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The Secret to a Happy Marriage

The Secret to a Happy Marriage

What husbands need to know about their wives
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6 Comments

Every day at Authentic Intimacy we hear from men who desperately want help and encouragement for their marriages. Most commonly, they are frustrated that their wives are not interested in sexual intimacy. Many of these messages end with pleas like "Help me! What can I do to help her understand my needs?"

While most of my work is with women, today I want to share a secret with the men. It is the same secret that I see transforming women. Are you ready?

If you really want to change your marriage, you have to understand where you have power.

Men and women work hard to change their marriage by seeking ways to get their own needs met. Women are often upset when their husbands are unattentive, and men are often upset when their wives want nothing to do with sex. But instead of focusing on addressing your own needs, you need to focus on your spouse's needs. Otherwise, your marriage will never grow in those areas.

So remember, husbands, all of your power lies in understanding and meeting your wife's needs.

Your wife has two primary needs. Both of these needs give you power to draw her into intimacy—emotionally, physically, and spiritually.

If you really want to change your marriage, you have to understand where you have power.

Need #1

Your wife longs to be cherished by you. She wants to know that your love for her will never fade—that you have eyes for only her. Every woman receives love differently, so you need to become a student of how to love her. Study her. Ask her, "How can I make you feel like the most prized woman on Earth?" But only ask if you really mean it. Love is for the long haul. If you have been in a pattern of ignoring and rejecting each other, it might take awhile for her to trust your love. Be committed to this effort and you may see your wife transform.

Need #2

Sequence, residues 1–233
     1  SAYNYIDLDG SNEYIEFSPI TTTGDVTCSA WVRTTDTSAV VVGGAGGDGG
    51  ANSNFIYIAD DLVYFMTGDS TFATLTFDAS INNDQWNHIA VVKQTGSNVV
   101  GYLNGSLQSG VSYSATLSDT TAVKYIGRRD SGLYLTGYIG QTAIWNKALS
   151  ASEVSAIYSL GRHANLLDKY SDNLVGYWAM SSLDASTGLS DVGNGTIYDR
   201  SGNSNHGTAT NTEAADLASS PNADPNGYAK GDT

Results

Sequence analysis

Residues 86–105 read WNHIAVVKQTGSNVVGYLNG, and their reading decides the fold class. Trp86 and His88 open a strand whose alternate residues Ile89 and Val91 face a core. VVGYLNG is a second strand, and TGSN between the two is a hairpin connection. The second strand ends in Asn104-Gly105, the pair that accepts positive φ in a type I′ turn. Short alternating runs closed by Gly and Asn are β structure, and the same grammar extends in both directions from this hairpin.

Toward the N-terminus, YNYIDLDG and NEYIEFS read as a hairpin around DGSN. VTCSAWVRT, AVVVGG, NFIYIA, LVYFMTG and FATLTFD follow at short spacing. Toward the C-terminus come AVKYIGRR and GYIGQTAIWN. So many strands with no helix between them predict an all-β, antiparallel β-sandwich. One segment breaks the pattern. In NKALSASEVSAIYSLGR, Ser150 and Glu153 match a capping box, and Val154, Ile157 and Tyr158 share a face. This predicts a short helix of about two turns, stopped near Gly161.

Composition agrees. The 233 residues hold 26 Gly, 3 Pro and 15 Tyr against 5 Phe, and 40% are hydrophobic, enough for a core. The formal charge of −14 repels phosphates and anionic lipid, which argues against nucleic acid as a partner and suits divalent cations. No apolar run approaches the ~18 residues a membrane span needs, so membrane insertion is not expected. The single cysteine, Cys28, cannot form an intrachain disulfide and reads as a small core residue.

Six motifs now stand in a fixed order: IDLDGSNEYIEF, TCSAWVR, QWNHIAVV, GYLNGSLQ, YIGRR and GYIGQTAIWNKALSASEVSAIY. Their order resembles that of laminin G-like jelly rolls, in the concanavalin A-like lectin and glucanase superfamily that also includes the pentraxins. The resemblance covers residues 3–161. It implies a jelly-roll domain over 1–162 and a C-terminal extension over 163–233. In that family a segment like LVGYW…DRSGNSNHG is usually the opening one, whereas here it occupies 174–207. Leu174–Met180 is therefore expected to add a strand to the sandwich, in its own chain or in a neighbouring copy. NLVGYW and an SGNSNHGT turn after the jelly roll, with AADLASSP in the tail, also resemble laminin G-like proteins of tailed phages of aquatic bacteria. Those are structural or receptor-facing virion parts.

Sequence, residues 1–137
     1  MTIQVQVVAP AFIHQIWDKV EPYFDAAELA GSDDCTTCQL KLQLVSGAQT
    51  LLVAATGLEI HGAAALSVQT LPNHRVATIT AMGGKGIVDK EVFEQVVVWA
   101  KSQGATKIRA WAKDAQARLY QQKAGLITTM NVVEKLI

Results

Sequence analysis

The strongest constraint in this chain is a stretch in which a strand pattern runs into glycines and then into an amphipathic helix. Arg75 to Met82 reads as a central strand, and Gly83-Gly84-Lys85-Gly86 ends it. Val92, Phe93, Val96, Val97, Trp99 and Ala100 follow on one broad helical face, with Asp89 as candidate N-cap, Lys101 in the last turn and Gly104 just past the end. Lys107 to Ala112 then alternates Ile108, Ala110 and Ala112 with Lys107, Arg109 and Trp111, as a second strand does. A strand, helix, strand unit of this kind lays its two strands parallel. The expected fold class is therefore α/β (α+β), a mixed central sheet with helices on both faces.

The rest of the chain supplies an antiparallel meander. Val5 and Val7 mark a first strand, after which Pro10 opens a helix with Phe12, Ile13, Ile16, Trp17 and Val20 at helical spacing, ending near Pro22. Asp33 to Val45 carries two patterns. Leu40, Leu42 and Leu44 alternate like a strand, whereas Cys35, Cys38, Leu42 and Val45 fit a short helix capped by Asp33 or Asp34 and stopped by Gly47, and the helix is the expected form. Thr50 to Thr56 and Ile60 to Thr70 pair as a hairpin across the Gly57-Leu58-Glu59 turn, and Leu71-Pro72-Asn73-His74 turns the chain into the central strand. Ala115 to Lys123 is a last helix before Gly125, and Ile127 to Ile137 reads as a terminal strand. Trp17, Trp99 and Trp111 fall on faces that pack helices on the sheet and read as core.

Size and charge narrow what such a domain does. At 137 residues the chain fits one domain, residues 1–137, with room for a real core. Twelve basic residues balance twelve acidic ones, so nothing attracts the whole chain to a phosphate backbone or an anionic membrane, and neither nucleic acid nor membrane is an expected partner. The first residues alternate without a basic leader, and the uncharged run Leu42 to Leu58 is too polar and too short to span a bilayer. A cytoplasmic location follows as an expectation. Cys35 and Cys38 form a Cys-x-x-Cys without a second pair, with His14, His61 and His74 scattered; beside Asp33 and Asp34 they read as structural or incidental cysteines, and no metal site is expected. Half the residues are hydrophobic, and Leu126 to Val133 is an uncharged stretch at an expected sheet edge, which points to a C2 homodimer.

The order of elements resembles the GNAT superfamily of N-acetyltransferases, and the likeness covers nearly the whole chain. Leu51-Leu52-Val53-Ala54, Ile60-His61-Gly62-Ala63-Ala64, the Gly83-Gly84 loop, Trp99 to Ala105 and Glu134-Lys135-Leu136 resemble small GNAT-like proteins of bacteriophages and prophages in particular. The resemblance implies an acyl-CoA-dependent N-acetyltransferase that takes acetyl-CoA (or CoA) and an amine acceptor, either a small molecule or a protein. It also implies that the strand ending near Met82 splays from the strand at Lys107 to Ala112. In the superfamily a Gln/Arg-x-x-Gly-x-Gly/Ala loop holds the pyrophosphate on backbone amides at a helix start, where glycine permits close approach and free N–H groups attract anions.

Your wife needs to be protected by you. Even though women can be very independent and self-sufficient, they were created with the deep need to trust the strength of a "hero." You don't have to be a superhero, but she does long for you to be her protector. Protection can come in the form of physically caring for her or providing financially for her, but the deepest form of protection is emotional and spiritual. Peter encouraged husbands to treat their wives with great care as the "weaker vessel" (1 Peter 3:7). Your wife may not admit this or act like this, but she is emotionally fragile, especially related to her femininity and sexuality. How have you cared for her? Have you protected her sexual purity in your marriage by saying no to detrimental behaviors like porn? Have you honored her sensitivity to rejection and insecurities?

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Juli Slattery

Juli Slattery is a widely known clinical psychologist, author, speaker, and broadcast media professional. She co-founded Authentic Intimacy (www.authenticintimacy.com) and is the co-author of Passion Pursuit: What Kind of Love Are You Making?

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Displaying 1–3 of 6 comments

Eunice

February 28, 2014  12:59am

I read the previous comments on this article, and was quite disappointed at the criticism. I think the reviewers have forgotten a few things:- 1. The article is short. In order to address 2 primary needs concerning marriage is difficult and would need a whole book. I am a woman myself, and felt these were spot on. The article to me discussed the needs briefly and snappy. 2. It is published in Today's Christian woman, and is focused on the woman's needs for the purpose of this article. The address is to husbands, and I'm sure the author would address the husbands in the same way. 3. It is a fallacy (in my view) to deny the fact that women generally are more emotionally fragile than men. It might not be the case for all, but is generally true. I liked the article, and if the author ever chose to write a book will be exploring. Lastly, let's not forget to encourage one another as we use our talents for God's glory

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Mabel

February 24, 2014  11:20pm

Need # 1 is for both husband and wife. Gender stereotyping is shallow and meaningless. Need #2, more of a stereotype than anything else. When my husband was terminally ill, didn't I need to protect him? Who protects whom is not according to gender, but according to ability and life circumstance.

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Sam

February 24, 2014  2:56pm

Christians should use caution in using the word "happy" to either describe a marriage or a spouse's state of emotional being in a marriage. Happiness, is unreliable, unpredictable and nonsustaining. It almost always attaches itself to "happenings." Christians are taught to pursue joy. Joy sustains and remains consistent even in times of trials. There is a damaging perspective concerning marriage that teaches that the wife is the centerpiece of every marriage. Phrases like "Happy Wife, Happy Life" and "No finance, no romance" all suggest that a husbands primary role in a marriage is to make his wife happy and fulfill all of her emotional needs - a task that's impossible even for the best husband to carry out. Statistics stating that 80% of divorces are filed by women suggest that it is the wife who controls the direction of the marriage and determines it's fate. Marriage is a covenant between a husband and a wife with Christ as the centerpiece. Success? Emotional needs? Look to Christ.

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